A Curatorial Collaborative project, conceived by KADIST, Paris, and curated by Nataša Petrešin-Bachelez, spans over three years (2017-2020). It focuses on Europe as a geographic and conceptual framework, and reflects on the dehumanisation that characterises many of the activities that humans have been doing in the name of “humanity” throughout various civilisations. The title is borrowed from Donna Haraway’s text “Ecce Homo, aint’ (Ar’n’t) I a Woman, and Innapropriate/d Others” where she quotes Hortense Spillers, a black feminist theorist, about the disposability and inexistence of any legal subjectivity of slaves in America.
Artistic commissions that emerge with this project have been done in collaboration with the institutions in three different countries in Europe: Lumbardhi Foundation in Prizren, Kosovo, Netwerk in Aalst and Contour Biennale 9 in Mechelen, Belgium, and Hangar and Kunsthalle Lissabon in Lisbon, Portugal. The commissions talk about repressed ancient female knowledge and power through re-living of the local urban myths and Greek mythology (the project Europa Enterprise initiated by Andreja Duganđžić, Jelena Petrović and Lala Raščić), about the role of the Western legal system in the construction of extractivist, racist and neo-colonial global nation states (project The Empire of Law by Daniela Ortiz). Sensing Salon of Valentina Desideri and Denise Ferreira da Silva is the third and last commission of the project.
For more information:
KADIST believes contemporary artists make an important contribution to a progressive society, their work often addressing key issues of our time. KADIST, a non-profit organization dedicated to exhibiting the work of artists represented in its collection, encourages this engagement and affirms contemporary art’s relevance within social discourse. Its programs develop collaborations with artists, curators and many art organizations around the world, facilitating new connections across cultures. Local programs in KADIST’s hubs of Paris and San Francisco include exhibitions, public events, residencies and educational initiatives. Complemented by an active online network, they aim at creating vibrant conversations about contemporary art and ideas.
Denise Ferreira da Silva’s academic writings and artistic practice address the ethical questions of the global present and target the metaphysical and ontoepistemological dimensions of modern thought. She is a professor and director of The Social Justice Institute (GRSJ) at the University of British Columbia. Her art-related work includes texts for publications for the Liverpool, São Paulo and Venice Biennales, and for Documenta 14, as well as collaborations with Arjuna Neuman in the films Serpent Rain (2016) and 4Waters-Deep Implicancy (2018); and events (performances, talks, and private sessions) and texts related to Poethical Readings and the Sensing Salon, with Valentina Desideri.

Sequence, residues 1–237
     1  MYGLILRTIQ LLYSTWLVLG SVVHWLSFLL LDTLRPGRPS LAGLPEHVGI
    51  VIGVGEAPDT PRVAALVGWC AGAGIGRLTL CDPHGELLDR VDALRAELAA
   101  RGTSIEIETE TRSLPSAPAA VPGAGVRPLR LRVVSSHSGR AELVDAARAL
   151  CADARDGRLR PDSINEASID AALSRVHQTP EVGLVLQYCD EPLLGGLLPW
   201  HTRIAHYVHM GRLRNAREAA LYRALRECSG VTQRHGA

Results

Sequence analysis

Valentina Desideri (b. 1982 in Rome, lives and works in St- Erme and Vancouver) is an artist who reads, writes and is committed to organize within different communities, including Performing Arts Forum in France. She trained in contemporary dance at the Laban Centre in London (2003–2006) and later on did her MA in Fine Arts at the Sandberg Institute in Amsterdam (2011–13) and is currently a PhD student at the Social Justice Institute at the University of British Columbia, Vancouver. She does Fake Therapy and Political Therapy, she speculates in writing with Stefano Harney, she engages in Poethical Readings with Denise Ferreira da Silva, she is part of the Oficina de Imaginação Política.
Nataša Petrešin-Bachelez is an independent curator, editor and writer, she lives and works in Paris. Among the projects and exhibitions she curated are: “Contour Biennale 9: Coltan as Cotton” (Mechelen, 2019), “Defiant Muses. Delphine Seyrig and Feminist Video Collectives in France in 1970s-1980s” at the Museum Reina Sofia, Madrid and Museum LaM, Lille (with Giovanna Zapperi, 2019), “Let’s Talk about the Weather. Art and Ecology in a Time of Crisis” at the Sursock Museum in Beirut (with Nora Razian, 2016), “Resilience. Triennial of Contemporary Art” at the Museum of Contemporary Art (Ljubljana, 2013), and in France: “Becoming Earthlings. Blackmarket for Useful Knowledge and Non-Knowledge #18” at Musée de l’Homme, Paris (with Alexander Klose, Council and Mobile Academy, 2015), “Tales of Empathy” at Jeu de Paume, Paris (2014).
She is a co-organizer and co-founder of the seminar “Something You Should Know” at EHESS, Paris (with Elisabeth Lebovici and Patricia Falguières), and a member of the research group Travelling Féministe, at Centre audiovisuel Simone de Beauvoir, Paris. She is the chief editor of the publishing platform Versopolis Review, between 2014 and 2017 she was the chief editor of L’Internationale Online, and between 2012 and 2014 she was the chief editor of the Manifesta Journal. Between 2010 and 2012, she was co-director of Les Laboratoires d’Aubervilliers.
Corazon del Sol
Study group participants:
Ana Balona de Oliveira, Ana Bigotte Vieira, Cristina Roldão, Fallon Mayanja, Mamadou Ba, Mariana Silva, Paula Caspão, Margarida Mendes